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10 Years Since the End of Donor Anonymity: Have We Got It Right?

Progress Educational Trust
Institute of Child Health, University College London, 30 Guilford Street, London WC1N 1EH
03 November 2015 Wine reception at 6pm, discussion 6.30pm-8.30pm
This public event was organised by the Progress Educational Trust (PET) in partnership with the National Gamete Donation Trust, was supported by the British Infertility Counselling Association, and was held at University College London's Institute of Child Health.
It has been a decade since a landmark change in UK law, which gave donor-conceived people access (upon reaching the age of 18) to identifying information about their donor. For many, this is a milestone to celebrate.
However, there are still differences of opinion about the way the law was changed 10 years ago. Some complain that the change went too far, while others argue that it did not go anywhere near far enough. Some donor-conceived people still struggle to come to terms with the circumstances of their conception, and how this relates to their identity.
Additionally, it remains the case that if someone does not know they are donor-conceived to begin with, they will not know that information about their donor exists and can be accessed. There are also people conceived with an anonymous donor from outside the UK, for whom no identifying information will be available.
This event will ask whether we have achieved an appropriate balance between allowing reproductive choice and considering the welfare of the child. Questions addressed included:
What has happened since the change in the law? How have attitudes towards donor conception changed? Are there sufficient numbers of donors?
Are there still myths about the identifiability of donors, that need to be dispelled? Do prospective parents have the right support, in understanding what donor conception might mean for a child and in navigating the emotional complexities of becoming a parent through donor conception?
What informs parents' decision as to whether, when and how to tell a child they are donor-conceived? Should more be done to encourage parents to tell?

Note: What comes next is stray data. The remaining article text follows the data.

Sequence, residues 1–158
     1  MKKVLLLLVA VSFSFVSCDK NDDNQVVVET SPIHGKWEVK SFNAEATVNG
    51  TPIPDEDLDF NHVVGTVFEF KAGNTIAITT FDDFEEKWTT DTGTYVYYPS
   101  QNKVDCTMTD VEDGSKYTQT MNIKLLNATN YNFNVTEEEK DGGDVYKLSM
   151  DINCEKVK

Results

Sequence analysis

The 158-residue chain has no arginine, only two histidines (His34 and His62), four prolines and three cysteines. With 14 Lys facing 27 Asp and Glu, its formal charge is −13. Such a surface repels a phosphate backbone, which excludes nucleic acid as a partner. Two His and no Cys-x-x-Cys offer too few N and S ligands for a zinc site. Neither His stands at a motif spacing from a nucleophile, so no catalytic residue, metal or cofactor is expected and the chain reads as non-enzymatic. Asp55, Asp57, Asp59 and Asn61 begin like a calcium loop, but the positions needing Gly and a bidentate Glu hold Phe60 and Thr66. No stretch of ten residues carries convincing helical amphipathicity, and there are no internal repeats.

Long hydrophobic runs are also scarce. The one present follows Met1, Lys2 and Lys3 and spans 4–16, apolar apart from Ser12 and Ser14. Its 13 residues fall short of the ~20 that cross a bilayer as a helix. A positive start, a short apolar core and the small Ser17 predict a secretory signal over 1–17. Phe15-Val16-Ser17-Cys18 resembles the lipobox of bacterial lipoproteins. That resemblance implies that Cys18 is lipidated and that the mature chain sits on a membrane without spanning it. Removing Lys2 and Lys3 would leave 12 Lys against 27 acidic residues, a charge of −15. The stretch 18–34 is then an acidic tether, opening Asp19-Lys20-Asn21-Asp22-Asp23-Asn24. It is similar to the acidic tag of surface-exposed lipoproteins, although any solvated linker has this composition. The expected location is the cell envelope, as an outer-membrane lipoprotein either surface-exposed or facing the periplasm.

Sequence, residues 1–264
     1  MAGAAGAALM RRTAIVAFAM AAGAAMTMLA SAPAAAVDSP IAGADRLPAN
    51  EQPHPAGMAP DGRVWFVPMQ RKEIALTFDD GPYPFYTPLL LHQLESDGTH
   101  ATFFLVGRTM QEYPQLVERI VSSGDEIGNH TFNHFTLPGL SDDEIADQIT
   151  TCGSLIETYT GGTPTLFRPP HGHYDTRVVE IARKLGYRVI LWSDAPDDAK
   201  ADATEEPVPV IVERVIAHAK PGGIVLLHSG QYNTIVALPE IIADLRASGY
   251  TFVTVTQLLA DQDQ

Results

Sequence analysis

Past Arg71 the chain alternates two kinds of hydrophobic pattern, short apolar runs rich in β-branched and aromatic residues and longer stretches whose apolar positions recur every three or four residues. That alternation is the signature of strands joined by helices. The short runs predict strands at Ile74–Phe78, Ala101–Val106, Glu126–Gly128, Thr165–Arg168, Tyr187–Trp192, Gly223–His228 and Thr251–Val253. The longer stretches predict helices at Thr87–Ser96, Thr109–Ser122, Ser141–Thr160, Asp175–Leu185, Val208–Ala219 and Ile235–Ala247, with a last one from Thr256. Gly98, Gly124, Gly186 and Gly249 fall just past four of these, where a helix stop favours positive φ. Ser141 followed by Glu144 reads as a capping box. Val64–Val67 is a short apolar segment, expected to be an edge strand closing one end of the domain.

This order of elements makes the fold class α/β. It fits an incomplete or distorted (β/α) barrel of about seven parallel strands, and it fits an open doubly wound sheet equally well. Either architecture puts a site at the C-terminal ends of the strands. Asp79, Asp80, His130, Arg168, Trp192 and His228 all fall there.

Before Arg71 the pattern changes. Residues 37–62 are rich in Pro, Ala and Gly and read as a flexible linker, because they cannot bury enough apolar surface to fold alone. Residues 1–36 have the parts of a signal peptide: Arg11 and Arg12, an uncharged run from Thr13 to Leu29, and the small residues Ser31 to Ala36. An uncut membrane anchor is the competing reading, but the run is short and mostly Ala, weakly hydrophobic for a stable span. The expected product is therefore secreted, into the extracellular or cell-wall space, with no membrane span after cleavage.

Can the regulated sector in the UK do more to discourage people from having overseas treatment or choosing unregulated donors? Should it?
What should we celebrate about the last 10 years of donor conception? What needs to happen in the next 10 years?

Eric Blyth
Emeritus Professor of Social Work at the University of Huddersfield, and former Co-Chair of the British Association of Social Workers' Project Group on Assisted Reproduction
Susan Golombok
Professor of Family Research and Director of the Centre for Family Research at the University of Cambridge, and author of books including Modern Families: Parents and Children in New Family Forms and Parenting: What Really Counts?
Dr Jo Rose
Donor-conceived person and claimant in Rose and Another v Secretary of State for Health and Human Fertilisation and Embryology Authority, a case which contributed to the decision to end donor anonymity
Venessa Smith
Quality Assurance and Patient Coordinator at the London Women's Clinic, the Bridge Centre, the London Egg Bank and the London Sperm Bank
Juliet Tizzard
Director of Strategy and Corporate Affairs at the Human Fertilisation and Embryology Authority, and former Director of PET

Charles Lister
Chair of the National Gamete Donation Trust, and former Head of Policy at the Human Fertilisation and Embryology Authority

Partners and supporters:
The National Gamete Donation Trust, supporter of the Progress Educational Trust's FREE evening event '10 Years Since the End of Donor Anonymity: Have We Got It Right?', taking place in central London on the evening of Tuesday 3 November 2015
The British Infertility Counselling Association, supporter of the Progress Educational Trust's FREE evening event '10 Years Since the End of Donor Anonymity: Have We Got It Right?', taking place in central London on the evening of Tuesday 3 November 2015

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